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Re: fulfilment of my action of today

From: Chris Welty <cawelty@gmail.com>
Date: Tue, 14 Aug 2007 21:25:43 -0400
Message-ID: <46C25617.3080707@gmail.com>
To: Michael Kifer <kifer@cs.sunysb.edu>
CC: RIF WG <public-rif-wg@w3.org>



Michael Kifer wrote:
> Rumblings on why we need classification terms in RIF
> (and why RDF's vocab should not be used)
> ===================================================
> 
> Two issues: whether we should define facilities for expressing some data
> model stuff and whether we should use rdfs for this.
> 
> Rationale:
>    If we do not have such constructs then everybody will be inventing their
>    own. People will not be able to specify any part of their data model in RIF
>    which will reduce the usefulness of RIF as an exchange language.
> 
> Why it is not good to use RDF's facilities to define class hierarchies.:
>    RDF is a foreign language whose semantics is burdened with non-standard
>    things. For instance, subclass is reflexive.
> 
>    This is bad because not every language out there uses reflexive subclasses.
>    For instance, if we map, say, FLORA-2's subclass relationship to RDFS's then
>    in the translation (RIF) the query whether foo is a subclass of foo will
>    say "yes" but in FLORA-2 it will say "no".

</chair>
No, no - translating flora2:subclass into rdfs:subclass would be 
incorrect, because they have different semantics.  For me, this is the 
stronger point in favor of rif:subclass - since so few systems use the 
rdfs semantics for subclass, very few systems when translating into 
RIF would use it in their translations.

Same for below.  You shouldn't translate ilog:subclass into 
rdfs:subclass.  So, in fact, as far as we know, only rdfs based 
systems would ever use rdfs:subclass when translating through rif, and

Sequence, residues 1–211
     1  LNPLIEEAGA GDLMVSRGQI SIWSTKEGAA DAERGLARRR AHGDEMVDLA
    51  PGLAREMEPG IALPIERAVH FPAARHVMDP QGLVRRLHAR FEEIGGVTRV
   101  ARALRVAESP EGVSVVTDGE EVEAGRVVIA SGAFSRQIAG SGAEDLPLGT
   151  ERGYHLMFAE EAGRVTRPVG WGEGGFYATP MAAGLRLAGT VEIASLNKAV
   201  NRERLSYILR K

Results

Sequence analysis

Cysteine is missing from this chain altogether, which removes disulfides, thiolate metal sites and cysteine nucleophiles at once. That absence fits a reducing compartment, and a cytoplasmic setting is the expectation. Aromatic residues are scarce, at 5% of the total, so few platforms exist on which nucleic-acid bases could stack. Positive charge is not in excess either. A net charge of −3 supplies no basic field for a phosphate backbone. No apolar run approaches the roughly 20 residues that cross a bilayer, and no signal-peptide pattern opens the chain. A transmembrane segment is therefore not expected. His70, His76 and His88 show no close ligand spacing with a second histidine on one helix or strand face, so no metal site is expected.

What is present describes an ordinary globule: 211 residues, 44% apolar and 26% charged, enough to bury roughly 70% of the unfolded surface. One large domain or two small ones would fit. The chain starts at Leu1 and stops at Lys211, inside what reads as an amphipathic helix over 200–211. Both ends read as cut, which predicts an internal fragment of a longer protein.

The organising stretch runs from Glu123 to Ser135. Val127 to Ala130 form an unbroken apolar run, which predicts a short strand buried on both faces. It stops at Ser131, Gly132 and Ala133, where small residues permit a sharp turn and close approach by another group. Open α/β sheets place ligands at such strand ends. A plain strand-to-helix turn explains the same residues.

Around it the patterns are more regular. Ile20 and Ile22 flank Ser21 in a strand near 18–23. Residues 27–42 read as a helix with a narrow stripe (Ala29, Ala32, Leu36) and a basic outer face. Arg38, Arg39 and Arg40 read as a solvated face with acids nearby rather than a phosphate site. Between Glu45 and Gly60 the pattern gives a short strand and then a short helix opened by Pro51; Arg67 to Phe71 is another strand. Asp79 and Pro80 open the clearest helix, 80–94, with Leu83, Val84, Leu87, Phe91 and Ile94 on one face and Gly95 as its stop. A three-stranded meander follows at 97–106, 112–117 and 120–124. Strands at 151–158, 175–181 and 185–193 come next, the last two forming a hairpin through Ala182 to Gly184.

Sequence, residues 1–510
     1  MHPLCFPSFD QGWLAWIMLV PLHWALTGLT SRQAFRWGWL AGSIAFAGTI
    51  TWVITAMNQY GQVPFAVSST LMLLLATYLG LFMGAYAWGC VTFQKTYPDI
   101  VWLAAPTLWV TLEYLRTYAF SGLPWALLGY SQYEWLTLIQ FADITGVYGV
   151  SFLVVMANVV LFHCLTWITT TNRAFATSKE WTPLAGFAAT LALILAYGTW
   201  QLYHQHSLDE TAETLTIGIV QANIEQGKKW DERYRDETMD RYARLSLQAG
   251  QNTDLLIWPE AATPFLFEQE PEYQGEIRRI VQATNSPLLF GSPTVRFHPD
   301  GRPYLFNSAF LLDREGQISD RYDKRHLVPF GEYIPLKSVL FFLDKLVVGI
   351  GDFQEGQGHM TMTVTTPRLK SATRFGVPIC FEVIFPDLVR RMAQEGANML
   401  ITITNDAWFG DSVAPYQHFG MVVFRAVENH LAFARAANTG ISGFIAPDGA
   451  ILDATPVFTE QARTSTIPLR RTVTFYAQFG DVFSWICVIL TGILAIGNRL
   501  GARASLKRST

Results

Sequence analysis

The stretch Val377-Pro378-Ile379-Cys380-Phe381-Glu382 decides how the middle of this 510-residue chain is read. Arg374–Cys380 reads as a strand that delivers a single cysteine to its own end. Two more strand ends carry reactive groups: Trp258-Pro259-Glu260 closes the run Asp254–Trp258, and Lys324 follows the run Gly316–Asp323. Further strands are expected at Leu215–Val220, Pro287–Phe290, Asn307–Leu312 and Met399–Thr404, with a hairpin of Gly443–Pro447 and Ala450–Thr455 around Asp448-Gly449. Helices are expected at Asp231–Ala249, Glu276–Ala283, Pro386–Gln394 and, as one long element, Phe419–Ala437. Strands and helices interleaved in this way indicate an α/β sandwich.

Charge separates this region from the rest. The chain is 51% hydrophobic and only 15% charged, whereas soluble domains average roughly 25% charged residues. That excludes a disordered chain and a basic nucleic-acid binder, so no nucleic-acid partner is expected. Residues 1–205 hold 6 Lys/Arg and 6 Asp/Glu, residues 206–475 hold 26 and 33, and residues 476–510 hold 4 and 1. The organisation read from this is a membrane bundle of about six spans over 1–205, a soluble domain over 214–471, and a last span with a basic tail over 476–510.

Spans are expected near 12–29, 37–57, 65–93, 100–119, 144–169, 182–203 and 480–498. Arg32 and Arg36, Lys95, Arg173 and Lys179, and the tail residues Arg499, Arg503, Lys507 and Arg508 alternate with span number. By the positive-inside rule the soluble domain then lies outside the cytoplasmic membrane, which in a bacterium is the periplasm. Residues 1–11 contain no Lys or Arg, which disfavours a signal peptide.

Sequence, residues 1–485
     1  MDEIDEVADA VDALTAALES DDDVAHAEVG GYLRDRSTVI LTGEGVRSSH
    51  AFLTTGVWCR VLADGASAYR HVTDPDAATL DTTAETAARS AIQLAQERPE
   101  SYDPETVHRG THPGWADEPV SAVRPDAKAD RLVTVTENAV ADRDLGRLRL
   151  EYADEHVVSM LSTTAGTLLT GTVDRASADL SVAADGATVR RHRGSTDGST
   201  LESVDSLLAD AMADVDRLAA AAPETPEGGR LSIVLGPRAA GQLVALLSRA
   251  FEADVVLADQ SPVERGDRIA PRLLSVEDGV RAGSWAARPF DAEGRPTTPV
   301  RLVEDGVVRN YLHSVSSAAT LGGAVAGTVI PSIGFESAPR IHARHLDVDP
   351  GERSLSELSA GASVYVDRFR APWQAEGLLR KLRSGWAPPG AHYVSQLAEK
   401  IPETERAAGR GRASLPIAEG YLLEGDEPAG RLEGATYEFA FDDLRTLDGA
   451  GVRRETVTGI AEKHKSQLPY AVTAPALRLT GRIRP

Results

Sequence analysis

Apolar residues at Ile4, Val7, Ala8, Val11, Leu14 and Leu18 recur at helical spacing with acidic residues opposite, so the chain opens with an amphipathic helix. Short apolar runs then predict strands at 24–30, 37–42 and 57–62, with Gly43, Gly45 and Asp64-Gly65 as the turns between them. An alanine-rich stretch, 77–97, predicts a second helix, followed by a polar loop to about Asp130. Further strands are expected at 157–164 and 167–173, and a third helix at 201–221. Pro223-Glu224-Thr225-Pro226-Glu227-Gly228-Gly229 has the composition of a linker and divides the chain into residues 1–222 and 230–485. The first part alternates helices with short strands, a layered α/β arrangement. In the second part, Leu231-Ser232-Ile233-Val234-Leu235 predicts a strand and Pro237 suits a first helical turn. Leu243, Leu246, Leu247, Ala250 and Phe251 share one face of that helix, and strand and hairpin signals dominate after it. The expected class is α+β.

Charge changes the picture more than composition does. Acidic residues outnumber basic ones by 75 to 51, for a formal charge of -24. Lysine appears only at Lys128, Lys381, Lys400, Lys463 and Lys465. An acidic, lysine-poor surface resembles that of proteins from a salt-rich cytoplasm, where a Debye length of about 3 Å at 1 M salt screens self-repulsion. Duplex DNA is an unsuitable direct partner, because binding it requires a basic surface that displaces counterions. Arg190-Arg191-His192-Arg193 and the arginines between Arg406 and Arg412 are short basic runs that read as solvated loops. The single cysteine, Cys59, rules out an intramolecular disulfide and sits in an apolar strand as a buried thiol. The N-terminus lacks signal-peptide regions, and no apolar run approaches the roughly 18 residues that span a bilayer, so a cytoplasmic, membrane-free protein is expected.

everyone else would have to invent their own.
<chair>

> 
>    Let's look at some other examples, like ILOG. From my limited experience
>    with it, I remember that it uses Java as its data model. So, suppose
>    there is a class foo in ILOG, which comes from Java. An ILOG set of
>    rules must not derive "foo sub foo" because this is not true in the data
>    model. However, it we translate Java subclass relationship into
>    rdfs:subclassOf then the resulting RIF translation should generate "foo
>    sub foo". (In truth, as I recall, ILOG does not have "sub" in the heads
>    of the rules, but it is easy to imagine that next year ILOG is extended
>    with something like a query facility. Then their stock will plummet
>    because their rule sets will not be faithfully exchangeable through RIF
>    :-)



-- 
Dr. Christopher A. Welty                    IBM Watson Research Center
+1.914.784.7055                             19 Skyline Dr.
cawelty@gmail.com                           Hawthorne, NY 10532
http://www.research.ibm.com/people/w/welty
Received on Wednesday, 15 August 2007 01:25:54 GMT

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